Sustaining an injury interferes with one’s ability to continue working out. Fortunately, you can return to exercising after an injury. However, before then, you should follow your doctor’s advice regarding the safe exercises to engage in and for how long during each session. Fitness trainers and therapists can also help you return to working out safely.
If you’re recovering from an injury and want to get back to fitness, here’s how you can do it without affecting your healing progress.
Get Your Doctor’s Go Ahead
After the injury has healed, you might feel energetic and ready to hit the gym. However, things aren’t as they seem. Your injury might have improved but not enough to start working out. That said, ensure to consult your doctor before getting back to fitness. They’ll advise you whether or not to go ahead.
Your doctor might also prescribe particular workouts to ensure your healing process isn’t interfered with. At a particular point, you might also require professional help, such as physical therapy Williamsburg. Therapists will tailor customized workouts based on your requirements and physical abilities to help you regain strength.
Prepare Yourself Mentally
After your doctor or therapist has determined you’re good to hit the gym, think about why you got injured and if you need to do things differently. Figure out if you did too much or you failed to wear protective equipment. While these might not have been the cause of your injury, you’ll learn a thing or two from it and prevent other injuries in the future.
After thinking the injury through, it’s time to stay positive. Avoiding thinking that you might not be able to work out like before. Instead of concentrating on your injury, focus on what you want to achieve and how far you’ve come regarding healing. Positivity will encourage you to regain courage, strength, and speed with time.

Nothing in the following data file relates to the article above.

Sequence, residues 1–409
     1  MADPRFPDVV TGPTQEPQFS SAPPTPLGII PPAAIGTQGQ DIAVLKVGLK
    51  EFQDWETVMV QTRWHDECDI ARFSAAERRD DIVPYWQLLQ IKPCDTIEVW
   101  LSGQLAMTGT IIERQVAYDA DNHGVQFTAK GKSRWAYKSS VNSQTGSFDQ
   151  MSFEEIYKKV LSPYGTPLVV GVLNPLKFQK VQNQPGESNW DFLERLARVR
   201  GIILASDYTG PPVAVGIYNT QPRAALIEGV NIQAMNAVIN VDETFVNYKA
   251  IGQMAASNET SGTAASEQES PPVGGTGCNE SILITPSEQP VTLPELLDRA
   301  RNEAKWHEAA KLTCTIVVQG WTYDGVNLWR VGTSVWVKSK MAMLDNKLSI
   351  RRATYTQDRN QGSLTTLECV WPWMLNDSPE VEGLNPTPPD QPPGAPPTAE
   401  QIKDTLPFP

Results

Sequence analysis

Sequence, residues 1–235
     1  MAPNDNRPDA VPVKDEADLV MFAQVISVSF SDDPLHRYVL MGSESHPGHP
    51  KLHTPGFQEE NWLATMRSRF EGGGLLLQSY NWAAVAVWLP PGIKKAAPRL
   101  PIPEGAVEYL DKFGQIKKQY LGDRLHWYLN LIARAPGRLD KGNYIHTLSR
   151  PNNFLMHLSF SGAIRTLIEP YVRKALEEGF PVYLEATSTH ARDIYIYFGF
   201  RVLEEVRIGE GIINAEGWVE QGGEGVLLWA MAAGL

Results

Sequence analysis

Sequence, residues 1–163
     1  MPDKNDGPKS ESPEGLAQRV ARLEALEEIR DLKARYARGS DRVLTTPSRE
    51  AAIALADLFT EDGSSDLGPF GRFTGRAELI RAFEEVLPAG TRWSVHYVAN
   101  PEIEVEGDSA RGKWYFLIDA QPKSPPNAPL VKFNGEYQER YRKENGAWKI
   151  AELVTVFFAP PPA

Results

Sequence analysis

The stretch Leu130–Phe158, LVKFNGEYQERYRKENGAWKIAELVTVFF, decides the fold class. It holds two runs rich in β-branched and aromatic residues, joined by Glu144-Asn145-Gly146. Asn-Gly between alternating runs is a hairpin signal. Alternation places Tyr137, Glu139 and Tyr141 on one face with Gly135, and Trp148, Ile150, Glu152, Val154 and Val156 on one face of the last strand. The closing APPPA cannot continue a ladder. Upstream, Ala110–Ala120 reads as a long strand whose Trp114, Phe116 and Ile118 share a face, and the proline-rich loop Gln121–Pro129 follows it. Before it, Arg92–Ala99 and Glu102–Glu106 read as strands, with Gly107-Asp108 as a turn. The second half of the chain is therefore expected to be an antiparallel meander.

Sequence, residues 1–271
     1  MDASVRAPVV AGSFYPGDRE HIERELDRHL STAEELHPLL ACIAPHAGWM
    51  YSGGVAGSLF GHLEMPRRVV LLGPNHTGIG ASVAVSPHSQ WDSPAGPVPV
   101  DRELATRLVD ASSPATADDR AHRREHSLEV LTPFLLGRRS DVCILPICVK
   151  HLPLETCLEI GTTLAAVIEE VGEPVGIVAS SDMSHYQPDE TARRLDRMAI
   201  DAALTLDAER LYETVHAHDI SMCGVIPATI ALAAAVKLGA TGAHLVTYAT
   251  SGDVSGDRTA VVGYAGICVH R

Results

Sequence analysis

A Step At A Time
Regardless of your positivity and strength level, you should start slow. While you might want to return to where you were before the injury as soon as possible, being hard on yourself might weaken you, increasing your chances of getting another injury. You should also understand that you’ve not been working out for some time, and performing better on your first day might be challenging. That said, take a step at a time while working your way toward extreme workouts to avoid awakening the pain.
Start With Walking
Understandably, you wouldn’t want to go from heavy lifting to walking. However, this might be the ideal starting point after an injury. Walking is a natural movement. You don’t have to train or require help unless the injury is severe. If walking isn’t challenging, start with gentle walks as you increase the pace. You’ll experience improved energy and stamina for strenuous exercises as time passes.
Know When To Stop
Avoid living by the saying, ‘no pain, no gain.’ You’re still recovering from an injury. If you experience some pain, understand that your body is trying to communicate that something’s wrong. Therefore, you must stop and determine where you’re going wrong. Remember, a recurring injury is more severe than an original one, and you can prevent it by stopping when you should.
Consume Healthy Food And Stay Hydrated
Recovering from an injury is a process. What might seem or feel like a recovered injury might still be in the recovery process. Now that you’ve decided to return to the gym, a balanced diet and hydration are vital. Eating well and drinking enough water will help you recover, regain energy, and strengthen your joints. Avoid alcohol and unhealthy treats, eat whole meals, and drink mineral water instead of sweetened or energy drinks.
Prevent Further Injuries
After returning to the gym and start working out, don’t forget why you’ve missed exercising. Work towards avoiding putting too much pressure on the healing injuries or developing other physical issues.
To begin with, allow your body to rest and recover between workouts to avoid overusing an injury. It’s recommended to wait 48 hours before exercising the same body parts.
Secondly, plan workout sessions targeting various muscles to allow recovery. Lastly, watch your movements and postures throughout the training sessions to avoid putting too much pressure on particular parts.
Regardless of why you sustained an injury, the fact is that you haven’t been working out. Fortunately, the injury has improved after perseverance and treatment, and you’re ready to return to training. However, you should understand that your body might not be the same as before, and you might not be able to work out as you did immediately. With that in mind, it’d be best to take precautions to prevent further injuries once you return to the gym. Consider working closely with your doctor or physical therapist so that they can advise you when to return to the gym, the ideal exercises to participate in, and when to stop.